A similar trend is observable in the European Union. The Brewers of Europe reveals in its annual report that the number of breweries in the European Union grew two-fold between 2009 and 2014. Yet, breweries in Finland provide employment to 500 fewer people than in 2009, according to the report.
The jobs have disappeared largely from major breweries, says Elina Ussa, the managing director at the Federation of the Brewing and Soft Drinks Industry. “The increase in the number of microbreweries hasn't been enough to compensate for the lost jobs because microbreweries typically only employ one to two people,” she explains.
Another curious trend is the apparent decline in beer consumption.
“The consumption of alcoholic beverages is generally declining across Europe. Domestic beer sales have declined every year as we've lost parts of the market due to passenger imports from Estonia. This is because the tax hikes introduced in recent years have especially affected mild alcoholic beverages,” says Ussa.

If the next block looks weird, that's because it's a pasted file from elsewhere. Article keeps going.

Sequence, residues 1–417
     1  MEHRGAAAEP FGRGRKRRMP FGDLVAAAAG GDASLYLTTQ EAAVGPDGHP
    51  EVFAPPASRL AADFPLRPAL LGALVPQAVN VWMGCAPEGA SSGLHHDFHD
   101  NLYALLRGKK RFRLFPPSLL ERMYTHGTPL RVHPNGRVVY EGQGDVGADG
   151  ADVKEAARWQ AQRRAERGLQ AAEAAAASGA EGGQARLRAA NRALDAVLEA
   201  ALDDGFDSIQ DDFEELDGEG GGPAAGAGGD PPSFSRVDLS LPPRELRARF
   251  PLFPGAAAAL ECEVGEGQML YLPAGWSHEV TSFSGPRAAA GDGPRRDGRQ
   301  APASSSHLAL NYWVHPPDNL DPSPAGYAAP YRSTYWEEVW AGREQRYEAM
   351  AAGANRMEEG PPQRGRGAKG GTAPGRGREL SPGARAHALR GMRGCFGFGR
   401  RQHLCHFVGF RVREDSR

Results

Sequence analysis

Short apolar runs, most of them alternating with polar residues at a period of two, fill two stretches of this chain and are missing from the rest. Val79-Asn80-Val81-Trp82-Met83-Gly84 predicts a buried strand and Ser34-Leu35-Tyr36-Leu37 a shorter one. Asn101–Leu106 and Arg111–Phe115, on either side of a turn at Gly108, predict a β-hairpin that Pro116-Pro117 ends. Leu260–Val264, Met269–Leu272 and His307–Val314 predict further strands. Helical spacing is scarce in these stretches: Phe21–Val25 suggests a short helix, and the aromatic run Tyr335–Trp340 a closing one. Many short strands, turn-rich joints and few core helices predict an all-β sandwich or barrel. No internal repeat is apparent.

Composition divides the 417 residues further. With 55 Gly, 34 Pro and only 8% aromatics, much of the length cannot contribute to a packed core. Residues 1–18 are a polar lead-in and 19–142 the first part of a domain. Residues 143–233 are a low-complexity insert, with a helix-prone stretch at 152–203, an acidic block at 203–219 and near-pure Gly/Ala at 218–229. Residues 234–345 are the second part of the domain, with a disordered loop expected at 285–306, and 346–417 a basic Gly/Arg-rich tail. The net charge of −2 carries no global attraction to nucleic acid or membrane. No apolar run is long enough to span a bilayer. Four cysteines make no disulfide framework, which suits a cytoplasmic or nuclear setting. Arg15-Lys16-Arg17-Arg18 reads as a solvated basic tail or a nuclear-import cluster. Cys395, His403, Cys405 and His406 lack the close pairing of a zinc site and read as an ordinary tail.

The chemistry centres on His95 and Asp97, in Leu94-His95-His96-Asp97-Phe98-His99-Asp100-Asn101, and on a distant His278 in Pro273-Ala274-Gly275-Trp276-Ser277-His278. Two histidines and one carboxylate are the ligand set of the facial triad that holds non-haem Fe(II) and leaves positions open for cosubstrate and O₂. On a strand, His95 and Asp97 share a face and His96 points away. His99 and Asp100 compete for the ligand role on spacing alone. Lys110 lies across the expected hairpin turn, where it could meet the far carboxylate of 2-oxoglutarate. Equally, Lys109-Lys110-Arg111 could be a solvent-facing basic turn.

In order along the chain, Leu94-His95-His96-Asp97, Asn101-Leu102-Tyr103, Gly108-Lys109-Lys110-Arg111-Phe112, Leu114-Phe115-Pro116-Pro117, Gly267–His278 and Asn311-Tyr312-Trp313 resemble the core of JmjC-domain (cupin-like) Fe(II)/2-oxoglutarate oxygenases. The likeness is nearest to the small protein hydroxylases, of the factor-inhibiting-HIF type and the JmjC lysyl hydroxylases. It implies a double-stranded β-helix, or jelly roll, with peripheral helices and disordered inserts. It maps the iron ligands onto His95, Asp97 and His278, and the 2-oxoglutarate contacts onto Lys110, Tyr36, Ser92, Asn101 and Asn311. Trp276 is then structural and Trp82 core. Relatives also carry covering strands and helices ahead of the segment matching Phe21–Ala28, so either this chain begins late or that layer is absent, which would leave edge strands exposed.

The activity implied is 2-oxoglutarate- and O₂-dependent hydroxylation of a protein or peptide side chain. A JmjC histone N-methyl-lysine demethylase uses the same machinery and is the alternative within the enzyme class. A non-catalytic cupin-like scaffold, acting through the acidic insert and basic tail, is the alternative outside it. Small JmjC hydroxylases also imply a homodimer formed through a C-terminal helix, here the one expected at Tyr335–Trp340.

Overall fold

No exact statistics on the volume of alcohol imports from Estonia are available. The National Institute for Health and Welfare (THL) found in its survey that the passenger imports of beer have declined moderately over the past 12 months – by 2.2 per cent between September 2014 and August 2015.
Earlier editions of the survey have contrastively found that the passenger imports of beer are on the rise.
The drop recordedin the passenger imports of beer, the Federation of the Brewing and Soft Drinks Industry reminds, falls within the margin of error of the survey and is therefore negligible.
Johanna Tikkanen – HS
Aleksi Teivainen – HT
© HELSINGIN SANOMAT
Photo: Sabrina Bqain